One of the things that struck me about San Francisco in April was the scale of the city's homelessness problem. I certainly hadn't been expecting to see someone shooting up on the street in the middle of the Financial District in broad daylight on a weekday.
Relatively speaking, the city might be one of the most prosperous in the US, standing in stark contrast to somewhere like Detroit, but that obscures the fact that significant disparities can and do exist within a single place as well as between different places. Not everyone has benefited from the West Coast's economic boom, with many finding themselves priced out, evicted and living on the streets.
Hugo Bachega's recent article for the BBC exposed the alarming extent of the nation's homelessness crisis and also reminded me of the damning report produced by the UN's special rapporteur on extreme poverty and human rights, Philip Alston - all the more embarrassing for Donald Trump and the US given the sorts of violent, war-torn countries on which Alston often comments.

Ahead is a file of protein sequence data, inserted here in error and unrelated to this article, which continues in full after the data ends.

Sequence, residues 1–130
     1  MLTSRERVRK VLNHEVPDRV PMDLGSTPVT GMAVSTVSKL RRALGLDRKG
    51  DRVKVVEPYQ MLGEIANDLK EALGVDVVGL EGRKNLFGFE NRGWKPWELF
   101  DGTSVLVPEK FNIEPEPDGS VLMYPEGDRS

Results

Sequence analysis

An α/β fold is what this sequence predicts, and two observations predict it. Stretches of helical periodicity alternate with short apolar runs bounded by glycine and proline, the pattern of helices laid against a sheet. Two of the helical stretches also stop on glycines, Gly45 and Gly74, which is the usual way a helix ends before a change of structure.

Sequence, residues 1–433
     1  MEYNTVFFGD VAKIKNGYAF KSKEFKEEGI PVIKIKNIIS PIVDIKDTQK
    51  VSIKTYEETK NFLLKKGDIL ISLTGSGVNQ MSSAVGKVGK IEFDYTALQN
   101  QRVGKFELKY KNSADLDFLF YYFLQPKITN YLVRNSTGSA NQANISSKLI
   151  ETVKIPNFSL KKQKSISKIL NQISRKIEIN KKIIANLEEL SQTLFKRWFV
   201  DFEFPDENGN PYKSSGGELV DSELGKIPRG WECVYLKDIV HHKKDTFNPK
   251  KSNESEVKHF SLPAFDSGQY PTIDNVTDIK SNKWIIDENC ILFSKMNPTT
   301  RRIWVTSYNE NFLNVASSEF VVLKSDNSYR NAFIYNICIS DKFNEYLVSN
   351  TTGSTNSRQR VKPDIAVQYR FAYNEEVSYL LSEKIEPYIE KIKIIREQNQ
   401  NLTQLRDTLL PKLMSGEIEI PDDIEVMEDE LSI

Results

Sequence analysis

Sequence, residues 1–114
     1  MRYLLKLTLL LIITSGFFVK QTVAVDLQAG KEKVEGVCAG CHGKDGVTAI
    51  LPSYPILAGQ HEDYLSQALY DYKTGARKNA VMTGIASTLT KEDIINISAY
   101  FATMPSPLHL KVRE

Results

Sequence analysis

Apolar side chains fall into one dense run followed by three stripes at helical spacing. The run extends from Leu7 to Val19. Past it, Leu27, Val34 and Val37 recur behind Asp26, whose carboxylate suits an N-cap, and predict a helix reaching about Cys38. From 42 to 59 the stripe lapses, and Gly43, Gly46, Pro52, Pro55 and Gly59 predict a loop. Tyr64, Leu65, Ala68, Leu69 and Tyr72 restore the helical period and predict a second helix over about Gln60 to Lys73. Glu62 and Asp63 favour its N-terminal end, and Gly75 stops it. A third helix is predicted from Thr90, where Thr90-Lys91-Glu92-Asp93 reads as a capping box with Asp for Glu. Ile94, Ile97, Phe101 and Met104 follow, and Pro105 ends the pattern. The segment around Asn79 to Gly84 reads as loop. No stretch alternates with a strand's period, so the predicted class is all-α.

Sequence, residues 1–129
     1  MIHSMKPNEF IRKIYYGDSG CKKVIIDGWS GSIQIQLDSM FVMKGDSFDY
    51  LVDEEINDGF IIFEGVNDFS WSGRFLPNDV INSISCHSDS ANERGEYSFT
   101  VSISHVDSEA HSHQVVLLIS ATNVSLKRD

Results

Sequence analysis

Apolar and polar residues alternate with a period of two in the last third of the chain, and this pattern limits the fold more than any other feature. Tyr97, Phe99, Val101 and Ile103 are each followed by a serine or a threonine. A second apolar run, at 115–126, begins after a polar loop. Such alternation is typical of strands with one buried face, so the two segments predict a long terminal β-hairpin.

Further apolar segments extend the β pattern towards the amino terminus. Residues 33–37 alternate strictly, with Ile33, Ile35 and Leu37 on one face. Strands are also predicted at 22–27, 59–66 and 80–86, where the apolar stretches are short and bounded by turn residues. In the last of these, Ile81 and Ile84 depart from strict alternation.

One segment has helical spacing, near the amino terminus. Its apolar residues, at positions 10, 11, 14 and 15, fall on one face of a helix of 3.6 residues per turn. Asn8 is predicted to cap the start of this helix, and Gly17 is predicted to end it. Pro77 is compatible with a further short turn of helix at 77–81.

Of course, we should acknowledge that homelessness is a huge problem here in the UK too, with new research from the Bureau of Investigative Journalism suggesting that at least 449 homeless people have died in the last year - a staggering and shameful statistic.
To compound matters, less than a week before these findings were announced, Theresa May was cheerfully and confidently declaring at her party's conference that "a decade after the financial crash, people need to know that the austerity it led to is over and that their hard work has paid off". Austerity has meant considerably more than merely "hard work" for a great many people - it has cost livelihoods and lives. That she can treat so lightly the profoundly damaging consequences of her party's policy - one that was ideologically motivated and failed to achieve its key objectives - is appalling, though sadly not surprising.